SEOUL: A South Korean Parliamentary committee has agreed to nearly triple a special budget for promoting Seoul’s sovereignty over an isolated set of islands also claimed by Japan, officials said yesterday. The foreign affairs committee approved the 6.2 billion won ($5.7 million) budget on Friday, a foreign ministry official told AFP. The money — up from this year’s budget of 2.3 billion won — would be used to fund state-led activities promoting the ownership of the Dokdo islands, which are known as the Takeshima islands in Japan. Committee member Chung Moon-Hun said approval for the extra funding marked a moment of “rare, bipartisan” accord between rival lawmakers. The decades-long dispute over the islands — which lie roughly midway between the two nations — boiled over in August after a surprise visit by South Korean President Lee Myung-Bak. Tokyo said the trip, the first ever by a South Korean president, was deliberately provocative. The budget will be used to run advertisements overseas promoting Seoul’s ownership of the islands and to collect more historical evidence to support the territorial claim. Seoul insists Tokyo’s claim to the islands is erroneously founded in Japan’s 1910-45 colonial rule over South Korea. Japan is also embroiled in a separate row with China over a different set of disputed islands in the East China Sea.
David Attenborough makes impassioned plea for natural world in Davos interview with Prince William
Updated 22 January 2019
DAVOS, Switzerland: Naturalist David Attenborough won a standing ovation from delegates at the World Economic Forum after warning them that the planet faces destruction if climate change is not dealt with imminently.
In an interview conducted by Prince William, Attenborough said it is “difficult to overstate the climate change crisis.”
He said humans have become “so numerous” and possess a “frightening” array of destructive mechanisms that “we can exterminate whole ecosystems without realizing.”
Attenborough was the star turn on the first day of the gathering of the business and political elites in the Swiss ski resort of Davos.
Attenborough urged participants to preserve the childlike wonder with which they first encountered the natural world. “I don’t believe a child has yet been born who doesn’t look at the world around it with those fresh eyes and wonder,” he said. “If you lose that first wonder, you’ve lost one of the great sources of delight, and pleasure, and beauty in the whole of the universe,” he said.
“Caring for that brings joy and enlightenment that is irreplaceable.”
Nature filmmaking, he noted, has benefited immensely from the advance of technology. “The facilities we now have are unbelievable. We can go everywhere. We can to the bottom of the sea, we can go into space. We can use drones, we can use helicopters … we can speed things up, we can slow things down, and film in the darkness. The natural world has never been exposed to this degree before,” he said.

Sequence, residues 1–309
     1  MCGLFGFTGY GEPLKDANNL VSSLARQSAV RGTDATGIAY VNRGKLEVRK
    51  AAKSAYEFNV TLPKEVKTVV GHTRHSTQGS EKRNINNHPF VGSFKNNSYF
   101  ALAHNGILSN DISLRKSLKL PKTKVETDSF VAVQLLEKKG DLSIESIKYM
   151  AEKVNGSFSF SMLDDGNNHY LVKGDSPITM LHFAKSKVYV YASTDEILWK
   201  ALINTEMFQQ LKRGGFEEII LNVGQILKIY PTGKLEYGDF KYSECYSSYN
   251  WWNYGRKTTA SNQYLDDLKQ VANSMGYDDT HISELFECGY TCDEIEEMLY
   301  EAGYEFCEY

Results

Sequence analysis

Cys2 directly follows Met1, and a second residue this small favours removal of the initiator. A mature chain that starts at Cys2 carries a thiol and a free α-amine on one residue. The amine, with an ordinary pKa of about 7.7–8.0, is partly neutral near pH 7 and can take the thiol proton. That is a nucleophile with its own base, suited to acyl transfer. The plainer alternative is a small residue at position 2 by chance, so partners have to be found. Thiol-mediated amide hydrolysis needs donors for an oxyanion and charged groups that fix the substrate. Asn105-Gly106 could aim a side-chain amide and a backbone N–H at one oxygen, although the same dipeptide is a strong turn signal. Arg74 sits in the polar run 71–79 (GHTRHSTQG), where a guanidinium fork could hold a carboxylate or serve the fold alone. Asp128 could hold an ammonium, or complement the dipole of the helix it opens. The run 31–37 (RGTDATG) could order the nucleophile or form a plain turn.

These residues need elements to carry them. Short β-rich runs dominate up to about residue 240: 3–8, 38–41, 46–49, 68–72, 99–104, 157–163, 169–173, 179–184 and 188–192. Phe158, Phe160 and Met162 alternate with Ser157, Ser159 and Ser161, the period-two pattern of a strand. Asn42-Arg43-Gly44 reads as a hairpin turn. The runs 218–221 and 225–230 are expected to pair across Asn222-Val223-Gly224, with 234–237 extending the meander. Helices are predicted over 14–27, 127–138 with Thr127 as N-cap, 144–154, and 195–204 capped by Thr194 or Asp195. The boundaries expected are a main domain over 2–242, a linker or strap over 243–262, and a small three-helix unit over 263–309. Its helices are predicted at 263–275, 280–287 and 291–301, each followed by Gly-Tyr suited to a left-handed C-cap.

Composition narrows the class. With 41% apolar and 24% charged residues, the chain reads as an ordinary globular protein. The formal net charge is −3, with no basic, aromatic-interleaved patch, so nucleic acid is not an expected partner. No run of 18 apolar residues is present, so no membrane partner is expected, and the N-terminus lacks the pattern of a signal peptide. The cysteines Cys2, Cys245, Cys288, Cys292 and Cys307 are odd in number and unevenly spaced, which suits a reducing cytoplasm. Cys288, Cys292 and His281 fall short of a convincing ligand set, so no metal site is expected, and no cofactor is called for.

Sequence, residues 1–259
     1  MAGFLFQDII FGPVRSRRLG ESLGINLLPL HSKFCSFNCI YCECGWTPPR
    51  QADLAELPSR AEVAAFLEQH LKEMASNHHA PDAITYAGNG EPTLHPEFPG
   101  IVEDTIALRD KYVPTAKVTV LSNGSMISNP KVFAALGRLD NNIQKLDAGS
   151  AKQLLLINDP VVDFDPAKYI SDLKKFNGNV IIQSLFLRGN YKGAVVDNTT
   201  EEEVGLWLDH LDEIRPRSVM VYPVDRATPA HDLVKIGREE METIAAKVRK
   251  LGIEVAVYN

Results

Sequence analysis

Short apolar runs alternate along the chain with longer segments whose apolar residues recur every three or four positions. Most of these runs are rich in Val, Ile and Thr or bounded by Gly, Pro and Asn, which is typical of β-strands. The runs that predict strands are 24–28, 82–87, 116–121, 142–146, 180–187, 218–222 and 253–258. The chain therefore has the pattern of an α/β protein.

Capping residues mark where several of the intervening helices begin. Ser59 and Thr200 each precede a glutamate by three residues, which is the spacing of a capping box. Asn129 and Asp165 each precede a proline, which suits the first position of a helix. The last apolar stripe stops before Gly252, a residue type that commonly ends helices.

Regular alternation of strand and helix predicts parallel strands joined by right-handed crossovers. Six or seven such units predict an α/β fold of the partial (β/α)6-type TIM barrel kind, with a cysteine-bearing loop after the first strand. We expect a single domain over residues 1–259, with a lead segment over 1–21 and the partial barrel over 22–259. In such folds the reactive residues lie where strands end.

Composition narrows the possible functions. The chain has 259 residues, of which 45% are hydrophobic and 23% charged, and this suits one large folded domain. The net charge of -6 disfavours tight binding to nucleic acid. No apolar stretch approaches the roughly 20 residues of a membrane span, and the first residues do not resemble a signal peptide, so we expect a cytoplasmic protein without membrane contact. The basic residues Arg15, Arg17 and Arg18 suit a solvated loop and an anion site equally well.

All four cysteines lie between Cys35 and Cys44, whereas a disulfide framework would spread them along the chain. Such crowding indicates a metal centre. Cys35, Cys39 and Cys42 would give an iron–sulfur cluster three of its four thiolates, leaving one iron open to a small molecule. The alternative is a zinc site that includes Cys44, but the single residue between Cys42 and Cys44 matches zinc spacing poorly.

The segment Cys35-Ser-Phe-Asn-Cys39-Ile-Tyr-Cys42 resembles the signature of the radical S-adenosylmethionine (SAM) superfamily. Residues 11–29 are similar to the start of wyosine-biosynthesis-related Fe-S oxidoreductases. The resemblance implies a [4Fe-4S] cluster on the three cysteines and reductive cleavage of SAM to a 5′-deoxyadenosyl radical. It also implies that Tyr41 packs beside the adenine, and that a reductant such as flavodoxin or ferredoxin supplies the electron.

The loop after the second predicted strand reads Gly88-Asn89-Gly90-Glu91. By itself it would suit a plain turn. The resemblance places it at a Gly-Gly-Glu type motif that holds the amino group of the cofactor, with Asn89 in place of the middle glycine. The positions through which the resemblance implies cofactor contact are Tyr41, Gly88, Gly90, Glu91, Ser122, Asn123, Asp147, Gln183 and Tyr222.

But with these technological advances came a growing awareness of the dangerous power in the hands of humanity. “When I started 60 years ago, in the mid-50s, to be truthful there was no one who thought we might annihilate the world. The notion that human beings might exterminate whole species seemed the exception. Now we are well aware that … we can do things to accidentally to destroy whole parts of the natural world and exterminate whole species,” Attenborough warned.
Even as the ready accessibility of nature programs and the ability of filmmakers to reach the remotest corners of the world have made it easier for people to learn about nature, humanity’s connectedness with the natural world is more tenuous than ever. “Now there are more people living in towns, in conurbations, than living in the wild,” said Attenborough. “The majority of people are out of touch to some degree with the richness of the natural world.”
The threat posed by anthropogenic climate change is “difficult to overstate,” he said. “We are now so numerous, so powerful, so all-pervasive, and the mechanisms we have for destruction are so frightening that we have really to be aware of the dangers,” he warned. Humanity has done “appalling damage upon marine life, the extent of which we don’t fully know,” said Attenborough.
“I think the paradox is that there’s never been a time when more people are out of touch with the natural world, and yet we have to recognize that every breath of air and every mouthful of food comes from the natural world – and if we damage the natural world, we damage ourselves. It’s not just beauty and wonder: it is essential to human life. We are in the danger of wrecking that. We are destroying the natural world, and with it, ourselves,” he said.
But his outlook is not pessimistic. “We are discovering more ways in which we can get in front of [the pending disaster]. The fact we are now beginning to get power directly from the sun, with no need to pollute the world with by-products of our devices, is becoming reality all over the world,” he said. “We have the power, we have the knowledge, to live in harmony with nature.”
Attenborough then previewed powerful scenes from his latest film, which will debut at the World Economic Forum. The scenes of an Arctic glacier calving, with skyscraper-sized blocks of translucent blue ice crashing spectacularly into turbulent seas, were shot, as Attenborough explained, by skilled teams on helicopters maintaining steady positions despite powerful and unpredictable updrafts. “Within 20 minutes,” Attenborough narrates,” 75 million tons of ice break free.”
Attenborough is spearheading efforts to strengthen conservation efforts for a summit in Beijing in 2020.
Attenborough told the audience that, “Every breath of air we take, every mouthful of food comes from the natural world and that if we damage the natural world we damage ourselves.”